• Marie-Avril Roux SteinkĂĽhler

🇬🇧 - #2 The new trademark forms in Germany and France


Photo by chuttersnap on Unsplash



The transposition of the Trade Marks Directive has introduced new forms of trade marks in Germany and France and simplified the modalities of their representation.


Since the reform of the trade mark law, it is no longer necessary to ensure the graphic representation of trade marks as it was necessary before the reform. It is now sufficient that trade marks can be identified so clearly and precisely that third parties can identify their scope of protection.


Article 3 of the Trade Marks Directive defines which signs benefit from protection as trade marks and provides for the following list:

“A trade mark may consist of any signs, in particular words, including personal names, or designs, letters, numerals, colours, the shape of goods or of the packaging of goods, or sounds, provided that such signs are capable of: (a) distinguishing the goods or services of one undertaking from those of other undertakings; and (b) being represented on the register in a manner which enables the competent authorities and the public to determine the clear and precise subject matter of the protection afforded to its proprietor.”


In Germany, the definition of trade marks in § 3 of the Trade Mark Act (MarkenG) is almost identical to this provision, with the difference that three-dimensional designs and colour combinations are also listed. Especially the three-dimensional mark has again been subject of great discussion since the highly anticipated decision of the Federal Court of Justice (BGH) on Rittersport of 23 July 2020 (I ZB 42/19, I ZB 43/19). ( For details see the article on our website).


France, for its part, abolished this " enumeration à la Prévert " concerning the definition of trade marks with the reform: Article L. 711-1 of the Intellectual Property Code, in its new version, simply provides: This sign must be presented in the national trade mark register in such a manner that any person may clearly and precisely identify the subject-matter of the protection granted to its proprietor - full stop. This definition reflects the desire for modernisation and simplification.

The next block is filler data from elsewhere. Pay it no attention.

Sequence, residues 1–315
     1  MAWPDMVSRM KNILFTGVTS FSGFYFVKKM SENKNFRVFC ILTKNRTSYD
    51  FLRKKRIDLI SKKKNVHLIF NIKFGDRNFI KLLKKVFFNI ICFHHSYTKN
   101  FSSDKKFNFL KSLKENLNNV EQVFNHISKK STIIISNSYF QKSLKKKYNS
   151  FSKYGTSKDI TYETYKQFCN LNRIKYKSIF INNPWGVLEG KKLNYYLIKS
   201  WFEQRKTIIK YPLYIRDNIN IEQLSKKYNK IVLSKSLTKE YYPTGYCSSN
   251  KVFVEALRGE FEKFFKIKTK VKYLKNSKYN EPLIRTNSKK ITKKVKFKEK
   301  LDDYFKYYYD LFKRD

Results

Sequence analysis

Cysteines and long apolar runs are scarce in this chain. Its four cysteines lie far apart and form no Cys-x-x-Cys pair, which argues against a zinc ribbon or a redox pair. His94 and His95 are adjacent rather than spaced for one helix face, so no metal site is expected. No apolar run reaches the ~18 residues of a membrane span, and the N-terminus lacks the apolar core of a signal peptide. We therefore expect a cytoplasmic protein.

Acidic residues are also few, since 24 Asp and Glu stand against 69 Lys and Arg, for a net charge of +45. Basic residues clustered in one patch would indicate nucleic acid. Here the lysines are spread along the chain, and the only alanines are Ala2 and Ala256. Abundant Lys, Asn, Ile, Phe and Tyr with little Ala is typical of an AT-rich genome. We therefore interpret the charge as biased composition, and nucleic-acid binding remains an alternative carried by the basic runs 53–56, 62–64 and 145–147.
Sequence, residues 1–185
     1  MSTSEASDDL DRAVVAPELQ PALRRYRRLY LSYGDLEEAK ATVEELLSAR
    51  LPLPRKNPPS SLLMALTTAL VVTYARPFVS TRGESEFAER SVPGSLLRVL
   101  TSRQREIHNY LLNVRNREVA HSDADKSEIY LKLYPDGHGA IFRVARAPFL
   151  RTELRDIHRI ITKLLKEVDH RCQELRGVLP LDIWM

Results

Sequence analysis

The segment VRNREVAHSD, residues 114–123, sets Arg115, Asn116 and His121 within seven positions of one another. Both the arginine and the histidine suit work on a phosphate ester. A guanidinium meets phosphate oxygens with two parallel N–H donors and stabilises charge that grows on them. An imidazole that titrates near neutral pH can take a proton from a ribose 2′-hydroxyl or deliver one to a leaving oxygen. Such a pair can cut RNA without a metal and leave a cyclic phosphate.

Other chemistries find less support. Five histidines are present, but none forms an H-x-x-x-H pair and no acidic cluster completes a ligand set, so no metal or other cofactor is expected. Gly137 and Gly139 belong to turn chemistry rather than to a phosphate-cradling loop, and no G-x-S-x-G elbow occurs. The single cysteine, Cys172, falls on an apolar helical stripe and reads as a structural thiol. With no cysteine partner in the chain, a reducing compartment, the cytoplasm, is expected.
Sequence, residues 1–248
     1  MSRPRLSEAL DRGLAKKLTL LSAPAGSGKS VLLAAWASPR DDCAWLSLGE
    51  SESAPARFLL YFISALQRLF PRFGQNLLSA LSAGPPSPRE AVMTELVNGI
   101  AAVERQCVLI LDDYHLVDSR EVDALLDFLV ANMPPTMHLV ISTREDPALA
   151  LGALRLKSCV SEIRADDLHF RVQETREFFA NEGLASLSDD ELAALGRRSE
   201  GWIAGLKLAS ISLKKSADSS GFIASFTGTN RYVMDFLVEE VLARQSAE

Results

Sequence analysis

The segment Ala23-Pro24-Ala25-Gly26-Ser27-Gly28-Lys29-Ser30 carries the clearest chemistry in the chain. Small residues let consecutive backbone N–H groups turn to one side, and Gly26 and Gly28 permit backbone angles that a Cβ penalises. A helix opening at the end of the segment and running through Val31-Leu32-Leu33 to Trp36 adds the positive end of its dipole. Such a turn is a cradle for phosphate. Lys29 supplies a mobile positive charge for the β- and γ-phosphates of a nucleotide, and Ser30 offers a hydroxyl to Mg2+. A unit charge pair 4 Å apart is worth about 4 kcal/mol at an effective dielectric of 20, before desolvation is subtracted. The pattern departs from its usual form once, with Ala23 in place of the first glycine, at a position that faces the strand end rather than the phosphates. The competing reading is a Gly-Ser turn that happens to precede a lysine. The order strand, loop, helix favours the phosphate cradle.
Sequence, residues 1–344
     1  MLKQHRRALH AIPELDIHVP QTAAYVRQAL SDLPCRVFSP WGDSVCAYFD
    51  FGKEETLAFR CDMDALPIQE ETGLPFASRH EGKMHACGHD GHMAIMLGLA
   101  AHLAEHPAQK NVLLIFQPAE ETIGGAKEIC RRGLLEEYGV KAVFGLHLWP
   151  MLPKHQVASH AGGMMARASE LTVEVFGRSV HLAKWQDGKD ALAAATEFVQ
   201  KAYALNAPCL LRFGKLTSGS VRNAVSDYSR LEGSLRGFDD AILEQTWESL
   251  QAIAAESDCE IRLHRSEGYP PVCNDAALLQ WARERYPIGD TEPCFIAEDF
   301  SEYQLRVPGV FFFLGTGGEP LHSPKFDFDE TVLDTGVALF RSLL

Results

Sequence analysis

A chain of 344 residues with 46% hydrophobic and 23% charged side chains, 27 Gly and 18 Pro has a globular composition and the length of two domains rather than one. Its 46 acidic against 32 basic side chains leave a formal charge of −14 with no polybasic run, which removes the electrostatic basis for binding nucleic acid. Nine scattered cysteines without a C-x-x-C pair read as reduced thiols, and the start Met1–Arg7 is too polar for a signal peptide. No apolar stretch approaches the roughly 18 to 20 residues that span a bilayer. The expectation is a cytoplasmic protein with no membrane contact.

It is therefore now possible to file trade mark applications at the DPMA and INPI which cannot be represented graphically. However, the trade marks must be so clearly and precisely identifiable that third parties can recognise their scope of protection. Modern forms of trademarks such as sound marks, multimedia marks and holograms can thus be registered as trademarks in suitable electronic formats (MP 3 or MP4).


However, as the official Trade Mark Journal in France is still in paper form and therefore not compatible with certain formats, the representation of the trade mark is done by reproducing the cryptographic code of the document registered with the INPI. For example, the trade mark "I AM AN EQUESTRIAN le podcast", No 4637748 is a multimedia trade mark available in MP4 format, the cryptographic code of which is be4067f3789b37324af8639fec28bf37ce47d8677ea72b42ed63ac373fd90a3b.


In Germany, the Trade Mark Journal (Markenblatt) edited by the DPMA is published weekly as an electronic PDF file. The representation of a graphically not representable trademark is done there by indicating a QR code, such as:


(source)

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